That's what Gov.-elect Eliot Spitzer said would happen in Albany when he takes the oath of office on Jan. 1. It was both a promise and a warning. Here's to that.
To say that Spitzer has his work cut out for him is to underestimate the nature of the task he has set himself, but even before taking office, he has made a solid start. Only weeks after his overwhelming election, Spitzer announced a bracing set of ethics rules to govern his conduct and that of other executive branch officials.
Earlier this month, he laid down another marker, signaling lawmakers that he would support a comprehensive pay-raise package in exchange for comprehensive government reform, of the sort that Albany desperately needs.
Indeed, Spitzer was even more emphatic than that, declaring that he opposes raises "unless and until" lawmakers pass reforms in the areas of ethics, lobbying, elections, campaign finance and budgeting.
It was a list of many of Albany's most pressing internal problems, and Spitzer was right to link them to raises. Issues such as those, which prominently include Albany's partisan redistricting process, have insulated state legislators from the judgment of voters and significantly contributed to New York's status as the country's highest-taxed state.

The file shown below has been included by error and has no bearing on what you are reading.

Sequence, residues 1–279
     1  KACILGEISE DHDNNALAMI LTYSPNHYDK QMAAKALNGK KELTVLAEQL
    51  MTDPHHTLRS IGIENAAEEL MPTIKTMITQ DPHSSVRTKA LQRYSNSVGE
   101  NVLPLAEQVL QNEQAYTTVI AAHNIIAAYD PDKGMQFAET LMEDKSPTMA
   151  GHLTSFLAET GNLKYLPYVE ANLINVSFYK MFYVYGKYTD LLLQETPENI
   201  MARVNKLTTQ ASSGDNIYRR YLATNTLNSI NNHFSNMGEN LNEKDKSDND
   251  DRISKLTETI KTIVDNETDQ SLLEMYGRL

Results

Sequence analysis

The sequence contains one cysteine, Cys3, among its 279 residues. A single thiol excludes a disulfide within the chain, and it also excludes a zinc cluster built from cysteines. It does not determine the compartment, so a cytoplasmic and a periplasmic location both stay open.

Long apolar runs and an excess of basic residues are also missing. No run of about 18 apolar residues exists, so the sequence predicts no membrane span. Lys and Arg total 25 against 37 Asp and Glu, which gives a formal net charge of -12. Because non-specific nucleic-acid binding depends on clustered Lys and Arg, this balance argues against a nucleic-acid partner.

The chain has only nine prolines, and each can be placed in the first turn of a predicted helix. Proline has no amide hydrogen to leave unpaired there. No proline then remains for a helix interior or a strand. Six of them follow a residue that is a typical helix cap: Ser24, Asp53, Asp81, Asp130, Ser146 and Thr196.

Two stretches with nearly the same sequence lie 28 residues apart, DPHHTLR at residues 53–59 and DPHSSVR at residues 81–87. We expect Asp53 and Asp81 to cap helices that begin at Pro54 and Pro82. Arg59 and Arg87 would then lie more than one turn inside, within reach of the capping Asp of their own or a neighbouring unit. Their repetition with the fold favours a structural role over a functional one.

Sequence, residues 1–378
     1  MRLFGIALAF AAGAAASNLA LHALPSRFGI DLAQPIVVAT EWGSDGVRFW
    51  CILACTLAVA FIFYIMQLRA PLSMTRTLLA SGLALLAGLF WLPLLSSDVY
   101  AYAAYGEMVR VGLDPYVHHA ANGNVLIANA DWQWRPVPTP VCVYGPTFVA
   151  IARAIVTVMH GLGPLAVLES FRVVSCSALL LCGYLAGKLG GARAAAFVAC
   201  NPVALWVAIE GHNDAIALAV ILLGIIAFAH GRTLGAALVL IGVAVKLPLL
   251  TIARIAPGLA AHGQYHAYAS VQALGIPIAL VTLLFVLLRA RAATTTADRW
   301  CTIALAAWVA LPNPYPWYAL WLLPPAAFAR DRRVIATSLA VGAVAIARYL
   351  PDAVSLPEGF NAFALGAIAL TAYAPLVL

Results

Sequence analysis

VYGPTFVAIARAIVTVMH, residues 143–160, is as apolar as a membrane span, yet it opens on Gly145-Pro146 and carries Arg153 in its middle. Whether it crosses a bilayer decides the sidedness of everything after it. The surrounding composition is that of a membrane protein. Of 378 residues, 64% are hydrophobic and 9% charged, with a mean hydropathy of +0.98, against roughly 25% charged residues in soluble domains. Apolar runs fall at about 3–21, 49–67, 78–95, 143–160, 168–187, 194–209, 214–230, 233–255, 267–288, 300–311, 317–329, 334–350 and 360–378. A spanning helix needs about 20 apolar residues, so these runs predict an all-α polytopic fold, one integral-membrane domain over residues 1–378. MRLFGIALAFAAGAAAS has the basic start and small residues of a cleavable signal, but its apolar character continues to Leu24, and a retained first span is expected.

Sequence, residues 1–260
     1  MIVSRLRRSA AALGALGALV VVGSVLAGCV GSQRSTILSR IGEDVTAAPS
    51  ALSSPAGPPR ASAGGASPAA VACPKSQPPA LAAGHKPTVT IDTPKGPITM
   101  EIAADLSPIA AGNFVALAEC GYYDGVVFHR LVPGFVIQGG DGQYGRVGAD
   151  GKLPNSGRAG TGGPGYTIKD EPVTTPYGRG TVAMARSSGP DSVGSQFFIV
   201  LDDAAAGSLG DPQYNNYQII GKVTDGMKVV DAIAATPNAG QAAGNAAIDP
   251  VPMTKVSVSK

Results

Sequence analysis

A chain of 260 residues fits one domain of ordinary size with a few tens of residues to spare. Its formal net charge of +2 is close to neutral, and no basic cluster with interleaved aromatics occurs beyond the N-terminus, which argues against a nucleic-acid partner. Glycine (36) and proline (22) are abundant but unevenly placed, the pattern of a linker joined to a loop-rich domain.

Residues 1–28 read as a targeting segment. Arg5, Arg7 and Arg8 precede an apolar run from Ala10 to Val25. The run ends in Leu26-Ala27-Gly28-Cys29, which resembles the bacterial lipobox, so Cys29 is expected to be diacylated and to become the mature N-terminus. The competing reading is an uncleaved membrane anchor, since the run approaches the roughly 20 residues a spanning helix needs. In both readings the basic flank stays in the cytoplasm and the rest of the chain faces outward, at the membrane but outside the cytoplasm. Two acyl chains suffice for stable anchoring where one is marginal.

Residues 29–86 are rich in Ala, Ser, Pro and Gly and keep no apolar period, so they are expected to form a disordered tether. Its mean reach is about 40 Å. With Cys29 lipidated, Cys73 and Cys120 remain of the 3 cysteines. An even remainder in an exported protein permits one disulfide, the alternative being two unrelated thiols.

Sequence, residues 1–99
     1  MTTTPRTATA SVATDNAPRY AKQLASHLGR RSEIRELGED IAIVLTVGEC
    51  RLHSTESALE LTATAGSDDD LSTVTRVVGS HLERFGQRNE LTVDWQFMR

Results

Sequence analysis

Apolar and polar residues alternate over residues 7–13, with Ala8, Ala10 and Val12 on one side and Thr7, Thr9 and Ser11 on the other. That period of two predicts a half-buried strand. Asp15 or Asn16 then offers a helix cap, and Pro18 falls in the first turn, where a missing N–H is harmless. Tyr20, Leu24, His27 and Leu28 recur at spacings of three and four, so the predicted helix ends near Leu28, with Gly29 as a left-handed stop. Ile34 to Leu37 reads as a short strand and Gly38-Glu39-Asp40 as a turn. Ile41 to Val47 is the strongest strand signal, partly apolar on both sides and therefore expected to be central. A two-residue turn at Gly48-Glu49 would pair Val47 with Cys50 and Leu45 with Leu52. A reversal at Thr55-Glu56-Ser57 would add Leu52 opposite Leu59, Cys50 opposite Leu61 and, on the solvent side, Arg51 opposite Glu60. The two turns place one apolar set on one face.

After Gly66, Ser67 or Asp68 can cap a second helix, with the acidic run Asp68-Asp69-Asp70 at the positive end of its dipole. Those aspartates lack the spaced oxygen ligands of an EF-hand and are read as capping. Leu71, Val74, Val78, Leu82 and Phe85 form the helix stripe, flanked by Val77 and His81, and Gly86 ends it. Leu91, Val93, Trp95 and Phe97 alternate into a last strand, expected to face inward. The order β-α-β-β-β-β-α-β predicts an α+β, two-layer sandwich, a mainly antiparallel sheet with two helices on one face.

Spitzer is right to focus first on those issues, because other important issues are symptomatic of lawmakers' isolation. They are the lake that feeds a river of dysfunction. Fix those problems, and future symptoms will be less likely to appear.
But those existing problems won't go away on their own. They also require the attention of Spitzer and state legislators. They include several of New York's laws regarding labor issues.
In particular, the state's workers' compensation system, the Taylor Law and the Wicks Law all cry out for reform. Employers in New York pay some of the nation's highest workers' comp premiums while injured workers get some of the lowest benefits. What's the point?
The Taylor Law, meanwhile, encourages municipalities and their unions to go to arbitration instead of negotiating fair contracts. It could be reformed to the benefit of both sides and taxpayers, as well.
The Wicks Law needlessly drives up the costs of public construction contracts by requiring multiple contractors. In any sensible state, it would be repealed.
Medicaid also remains a significant problem for local taxpayers, despite the welcome reform that passed last year. That change limited the future growth of the counties' liability for costs on the health care program, but it left untouched the existing expenses that are behind New Yorkers' exorbitant property tax bills.
These matters all require attention by the Legislature, which also needs to put its own houses in better operating condition. But these matters start with leadership from the governor's office. That's what Spitzer promised. Day One is almost here. Let's hope the ride is worth the price of admission.